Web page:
Defence Forces chiefs have defended the decision to send the LÉ Samuel Beckett to the world's biggest arms fair.
The naval vessel’s presence at the controversial Defence and Security Equipment International (DSEI) fair in London has sparked anger among anti-war activists.
The 90m-long offshore patrol vessel is fitted with a 76mm gun, two 20mm cannons and four general purpose machine guns.
It was commissioned in May 2014 and cost €71 million.
It has been deployed on humanitarian missions in the Mediterranean and its crew are credited with rescuing 2,818 people.
Ship manufacturers Babcock asked for it to be sent to the multibillion showcase of military hardware and software, which is attended by 1,600 exhibitors from 54 countries.
"The attendance at the exhibition is an opportunity to portray the considerable level of commitment and investment made in recent years to a wide audience towards protecting and safeguarding Irish territorial waters, by showcasing the success of the offshore patrol vessel design and build capabilities," the Department of Defence said.
The ship's appearance on the Thames was flagged by Danish company Systematic Maritime. Some of its SitaWare command and control technology is fitted to the vessel.
The Defence Forces, which takes part in UN-mandated peacekeeping and peace enforcement, is the first military to use the company's software to create an operational picture for its forces over land, sea and air.
SitaWare is described as a unique command and control system used by more than 20 countries to give "warfighters at all tactical levels" better situational awareness and greater operational capability.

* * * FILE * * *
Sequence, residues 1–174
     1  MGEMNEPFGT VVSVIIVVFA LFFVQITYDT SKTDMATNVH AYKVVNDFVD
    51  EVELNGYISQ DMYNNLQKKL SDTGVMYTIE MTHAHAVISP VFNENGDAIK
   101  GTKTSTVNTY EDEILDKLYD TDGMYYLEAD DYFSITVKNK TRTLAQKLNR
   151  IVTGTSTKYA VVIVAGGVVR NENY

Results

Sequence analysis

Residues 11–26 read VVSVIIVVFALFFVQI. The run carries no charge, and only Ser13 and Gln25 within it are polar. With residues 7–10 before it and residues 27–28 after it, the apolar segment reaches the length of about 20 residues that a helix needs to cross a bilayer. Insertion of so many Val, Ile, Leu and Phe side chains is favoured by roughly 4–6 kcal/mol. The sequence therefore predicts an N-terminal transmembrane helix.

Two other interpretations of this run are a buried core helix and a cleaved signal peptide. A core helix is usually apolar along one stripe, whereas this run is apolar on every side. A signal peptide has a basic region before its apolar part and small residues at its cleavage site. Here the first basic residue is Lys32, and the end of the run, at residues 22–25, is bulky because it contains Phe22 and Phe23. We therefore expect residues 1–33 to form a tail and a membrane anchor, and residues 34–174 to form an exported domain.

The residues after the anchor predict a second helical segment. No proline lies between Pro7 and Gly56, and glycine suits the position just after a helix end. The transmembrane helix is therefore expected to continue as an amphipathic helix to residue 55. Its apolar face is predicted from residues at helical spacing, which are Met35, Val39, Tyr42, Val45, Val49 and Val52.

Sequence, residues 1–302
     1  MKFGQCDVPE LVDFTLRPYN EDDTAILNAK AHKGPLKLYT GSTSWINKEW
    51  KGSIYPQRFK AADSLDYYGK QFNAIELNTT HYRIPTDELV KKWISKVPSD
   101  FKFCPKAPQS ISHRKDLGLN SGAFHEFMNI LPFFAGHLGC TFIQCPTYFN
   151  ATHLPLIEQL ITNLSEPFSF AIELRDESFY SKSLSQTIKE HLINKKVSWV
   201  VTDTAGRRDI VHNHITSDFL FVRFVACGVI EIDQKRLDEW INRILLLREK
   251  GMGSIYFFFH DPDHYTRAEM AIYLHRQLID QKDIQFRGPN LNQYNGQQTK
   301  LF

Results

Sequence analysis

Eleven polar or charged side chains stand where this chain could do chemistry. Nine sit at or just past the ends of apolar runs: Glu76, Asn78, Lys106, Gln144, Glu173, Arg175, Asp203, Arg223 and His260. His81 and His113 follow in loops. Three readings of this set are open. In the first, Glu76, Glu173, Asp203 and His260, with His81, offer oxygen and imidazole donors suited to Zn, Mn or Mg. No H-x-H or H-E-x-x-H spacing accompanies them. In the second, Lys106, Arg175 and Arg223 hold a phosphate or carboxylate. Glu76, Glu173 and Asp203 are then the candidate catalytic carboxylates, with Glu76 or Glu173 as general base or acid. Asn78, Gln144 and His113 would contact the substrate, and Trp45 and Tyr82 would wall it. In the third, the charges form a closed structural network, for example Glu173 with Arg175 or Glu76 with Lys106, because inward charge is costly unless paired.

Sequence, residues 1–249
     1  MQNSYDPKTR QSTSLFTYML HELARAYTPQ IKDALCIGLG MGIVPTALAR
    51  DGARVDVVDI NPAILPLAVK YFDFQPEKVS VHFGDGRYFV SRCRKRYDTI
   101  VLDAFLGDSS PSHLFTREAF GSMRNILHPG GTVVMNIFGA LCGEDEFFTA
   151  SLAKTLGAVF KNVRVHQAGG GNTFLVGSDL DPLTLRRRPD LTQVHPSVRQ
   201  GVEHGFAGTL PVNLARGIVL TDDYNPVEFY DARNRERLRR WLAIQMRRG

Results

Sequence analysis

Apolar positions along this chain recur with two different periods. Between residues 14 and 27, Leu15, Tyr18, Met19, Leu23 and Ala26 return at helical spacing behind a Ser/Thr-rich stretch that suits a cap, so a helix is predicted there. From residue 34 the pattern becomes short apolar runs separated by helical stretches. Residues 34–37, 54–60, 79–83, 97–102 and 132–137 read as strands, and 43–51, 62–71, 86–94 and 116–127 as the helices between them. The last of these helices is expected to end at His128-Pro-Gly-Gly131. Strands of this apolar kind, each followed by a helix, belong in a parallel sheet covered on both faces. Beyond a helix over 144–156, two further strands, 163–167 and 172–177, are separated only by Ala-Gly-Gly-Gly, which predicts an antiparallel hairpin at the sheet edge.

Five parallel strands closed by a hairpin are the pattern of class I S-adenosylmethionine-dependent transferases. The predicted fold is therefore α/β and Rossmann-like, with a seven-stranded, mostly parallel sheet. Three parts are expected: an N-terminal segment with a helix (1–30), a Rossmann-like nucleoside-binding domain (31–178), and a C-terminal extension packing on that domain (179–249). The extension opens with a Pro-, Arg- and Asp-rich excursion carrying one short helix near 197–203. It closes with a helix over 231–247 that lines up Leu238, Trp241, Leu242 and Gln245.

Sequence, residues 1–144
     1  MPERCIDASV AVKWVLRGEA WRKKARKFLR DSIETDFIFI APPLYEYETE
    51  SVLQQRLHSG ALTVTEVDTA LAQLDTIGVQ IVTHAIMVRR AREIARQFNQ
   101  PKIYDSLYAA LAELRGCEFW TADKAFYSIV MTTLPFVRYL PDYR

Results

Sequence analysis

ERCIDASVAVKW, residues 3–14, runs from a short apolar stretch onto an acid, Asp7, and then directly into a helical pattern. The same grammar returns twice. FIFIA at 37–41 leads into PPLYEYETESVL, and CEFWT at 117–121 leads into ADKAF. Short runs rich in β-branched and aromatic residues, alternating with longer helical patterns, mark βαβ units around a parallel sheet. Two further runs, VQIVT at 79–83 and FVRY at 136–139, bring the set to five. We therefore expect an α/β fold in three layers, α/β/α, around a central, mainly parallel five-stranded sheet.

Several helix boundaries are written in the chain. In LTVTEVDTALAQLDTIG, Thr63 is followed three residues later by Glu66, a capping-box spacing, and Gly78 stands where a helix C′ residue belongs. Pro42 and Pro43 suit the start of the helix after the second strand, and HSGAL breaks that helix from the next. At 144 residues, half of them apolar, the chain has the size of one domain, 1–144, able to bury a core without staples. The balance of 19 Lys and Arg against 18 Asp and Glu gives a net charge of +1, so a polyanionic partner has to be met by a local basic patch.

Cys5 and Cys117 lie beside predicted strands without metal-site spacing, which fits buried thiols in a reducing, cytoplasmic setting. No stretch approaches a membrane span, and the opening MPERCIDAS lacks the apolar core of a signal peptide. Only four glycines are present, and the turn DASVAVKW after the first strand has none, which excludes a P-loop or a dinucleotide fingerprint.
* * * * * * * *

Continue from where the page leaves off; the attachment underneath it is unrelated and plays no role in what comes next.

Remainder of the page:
Edward Horgan, of the Irish Anti-War Movement and a United Nations elections' inspector, said an Irish Naval Service vessel's presence in the world's biggest arms fair was a misuse.
"It is completely inappropriate for the Irish Defence Forces to be involved in any way in this arms fair, or in the international arms market that is notorious for corruption," he said.
"And if the LÉ Samuel Beckett is attending this arms fair due to some contractual clause in its original purchase agreement, this raises more concerns about the appropriateness of our defence purchasing procedures.
"With more than 8,000 Irish citizens homeless, we cannot afford to waste precious resources supporting the corrupt international arms industries."
The LÉ Samuel Beckett is open to visitors to the naval zone at the arms fair.
Mr Horgan called on Taoiseach Leo Varadkar to explain who authorised the ship's deployment to the arms fair and whether a fee was paid for it to attend.
The riverside section includes waterborne demonstrations and interactive presentations on eight warships, including a demonstration of the SitaWare Maritime solution on the LÉ Samuel Beckett.
Shipbuilder Babcock, which built the vessel at its Devon yard, declined to discuss whether the LÉ Samuel Beckett's presence at the arms fair had been written into the manufacturing contract.
"We have an ongoing relationship with Ireland's Department of Defence and the Irish Naval Service due to our successful work on the Irish OPV (offshore patrol vessel) programme," the company said.
Babcock built three Irish Naval Service ships in recent years and is in the process of completing a fourth.